When the Day Breaks
This week, the Academy of Motion Picture Arts and Sciences held its annual animation tribute. It was devoted to five Canadian animators, all of them women, and it screened some of their definitive works produced at the National Film Board: Janet Perlman (The Tender Tale of Cinderella Penguin, 1981), Caroline Leaf (The Street, 1976), Wendy Tilby and Amanda Forbis (When the Day Breaks, 1999), and Torril Kove (The Danish Poet, 2006). The films were followed by a Q&A facilitated by animation critic Charles Solomon.
All in all, the evening really showcased diverse aesthetics–Perlman’s storybook line art, Leaf’s complex wet-painting, Tilby and Forbis’ layered paint-on-video, Kove’s pencil-drawn lyricism. Although Perlman’s detail and sense of humor was infectious, and Kove’s storytelling skills were in ample display, my favorites were Leaf and Tilby-Forbis’ contributions, visually unique and profound depictions of urban life and community (coincidentally set in virtually the same neighborhood of Montreal). I had actually seen both films before, When the Day Breaks is available on The Animation Show DVD, and The Street has been making the rounds after winning second place in the 1984 Olympiad of Animation‘s international poll of the all-time great works of the genre. (Yuri Norstein’s Tale of Tales came in first.)
The event was introduced by Alice Davis (an animatronic designer and the widow of Disney animator Marc Davis), who shared with us how she was told in the ’50s that “women don’t animate, they ink and paint.” During the Q&A, the NFB animators expressed shock at such a sentiment, and talked about why they felt the NFB was a particularly supportive place for women; in fact, none of them had really pursued animation as a career, but fell into it from other disciplines (like painting and architecture). They also praised the artistic control, lengthy production times, and congenial support the organization provided them over the years.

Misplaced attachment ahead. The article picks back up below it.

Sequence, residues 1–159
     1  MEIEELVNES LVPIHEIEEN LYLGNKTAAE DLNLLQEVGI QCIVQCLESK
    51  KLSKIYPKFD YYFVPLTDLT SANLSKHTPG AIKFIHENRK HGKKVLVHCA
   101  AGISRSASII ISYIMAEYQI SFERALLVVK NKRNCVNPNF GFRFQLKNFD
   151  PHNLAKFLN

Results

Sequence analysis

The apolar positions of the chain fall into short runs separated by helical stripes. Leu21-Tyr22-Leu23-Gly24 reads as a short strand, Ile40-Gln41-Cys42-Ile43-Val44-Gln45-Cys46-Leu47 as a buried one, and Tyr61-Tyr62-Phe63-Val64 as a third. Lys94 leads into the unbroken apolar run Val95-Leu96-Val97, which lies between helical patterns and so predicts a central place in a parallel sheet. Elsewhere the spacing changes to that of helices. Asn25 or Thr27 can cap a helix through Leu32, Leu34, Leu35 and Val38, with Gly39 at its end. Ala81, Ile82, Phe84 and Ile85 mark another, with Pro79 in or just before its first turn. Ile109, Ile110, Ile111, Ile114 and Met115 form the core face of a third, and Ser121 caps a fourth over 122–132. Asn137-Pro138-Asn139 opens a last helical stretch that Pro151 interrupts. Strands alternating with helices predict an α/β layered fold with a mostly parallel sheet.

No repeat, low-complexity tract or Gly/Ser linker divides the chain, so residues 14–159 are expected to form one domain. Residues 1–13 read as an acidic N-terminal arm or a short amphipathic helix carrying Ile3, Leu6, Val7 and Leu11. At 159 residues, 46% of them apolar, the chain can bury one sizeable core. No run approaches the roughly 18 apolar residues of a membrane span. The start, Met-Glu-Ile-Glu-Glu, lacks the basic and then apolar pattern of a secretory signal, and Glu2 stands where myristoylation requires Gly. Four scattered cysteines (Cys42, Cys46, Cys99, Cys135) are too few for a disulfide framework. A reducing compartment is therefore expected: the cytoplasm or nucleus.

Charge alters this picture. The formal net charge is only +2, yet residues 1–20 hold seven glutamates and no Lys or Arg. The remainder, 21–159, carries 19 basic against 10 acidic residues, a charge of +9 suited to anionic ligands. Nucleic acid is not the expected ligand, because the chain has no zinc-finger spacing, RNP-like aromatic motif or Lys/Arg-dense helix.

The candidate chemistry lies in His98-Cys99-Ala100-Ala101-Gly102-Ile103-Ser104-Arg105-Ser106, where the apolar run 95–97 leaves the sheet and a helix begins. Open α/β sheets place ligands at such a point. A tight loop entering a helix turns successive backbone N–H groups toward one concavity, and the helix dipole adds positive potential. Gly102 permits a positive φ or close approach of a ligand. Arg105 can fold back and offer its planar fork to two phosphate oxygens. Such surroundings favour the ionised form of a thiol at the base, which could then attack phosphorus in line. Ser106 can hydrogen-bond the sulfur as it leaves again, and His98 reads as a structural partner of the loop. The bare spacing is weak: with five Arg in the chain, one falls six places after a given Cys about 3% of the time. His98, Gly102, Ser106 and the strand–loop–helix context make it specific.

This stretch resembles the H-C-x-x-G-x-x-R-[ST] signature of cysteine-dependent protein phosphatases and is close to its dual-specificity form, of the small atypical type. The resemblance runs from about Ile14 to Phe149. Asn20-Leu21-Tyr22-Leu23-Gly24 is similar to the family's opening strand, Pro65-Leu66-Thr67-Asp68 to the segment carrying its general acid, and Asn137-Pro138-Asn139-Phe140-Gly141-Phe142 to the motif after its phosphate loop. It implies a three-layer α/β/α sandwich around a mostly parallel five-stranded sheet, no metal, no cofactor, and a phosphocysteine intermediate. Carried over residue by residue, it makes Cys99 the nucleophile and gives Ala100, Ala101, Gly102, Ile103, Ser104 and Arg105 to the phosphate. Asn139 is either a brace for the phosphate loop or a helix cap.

I was particularly glad Solomon highlighted the difference between the loving, handmade feel of all of the works in the program versus the kind of homogenous CGI work that increasingly defines the genre today, short form as well as long form. (He didn’t mention it at AMPAS, of course, but I found it deflating that three of the five nominees for best animated short film at last year’s Oscar event were typical, Pixar-style CGI works.) One can only hope that screening past works such as these will keep the spirit of innovation and experimentation alive through the digital age.
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I also made two nice discoveries on account of this event. One was the work of motion picture illustrator William B. Major, whose watercolor production paintings were displayed in the AMPAS lobby as part of an ongoing exhibition on Hollywood illustrators. Major’s work seems especially refined and detailed, not only sketching in atmospheric widescreen possibilities, but also incorporating highly detailed sets, props, and lighting suggestions, thus allowing directors like Roman Polanski (Rosemary’s Baby) and Mike Nichols (The Graduate) to pre-visualize important shots long before animatics became the norm.
As an illustrator and graphic designer myself, I was amazed at the precision and atmosphere of Major’s renderings, which were apparently done quickly and (I have no doubt) amid a great deal of committee input. The exhibition doesn’t provide a lot of information on these artists, but a note said most of Major’s work was owned by private collectors in the movie business and that a collection in book form is in the works. I’m looking forward to it.
My final discovery was that the same National Film Board site which offers online versions of Leaf and others’ work also offers complete versions of Arthur Lipsett’s phenomenal collage films, Very Nice, Very Nice (1961) and 21-87 (1964), of which I’ve written about here and here. Take a few minutes and be amazed.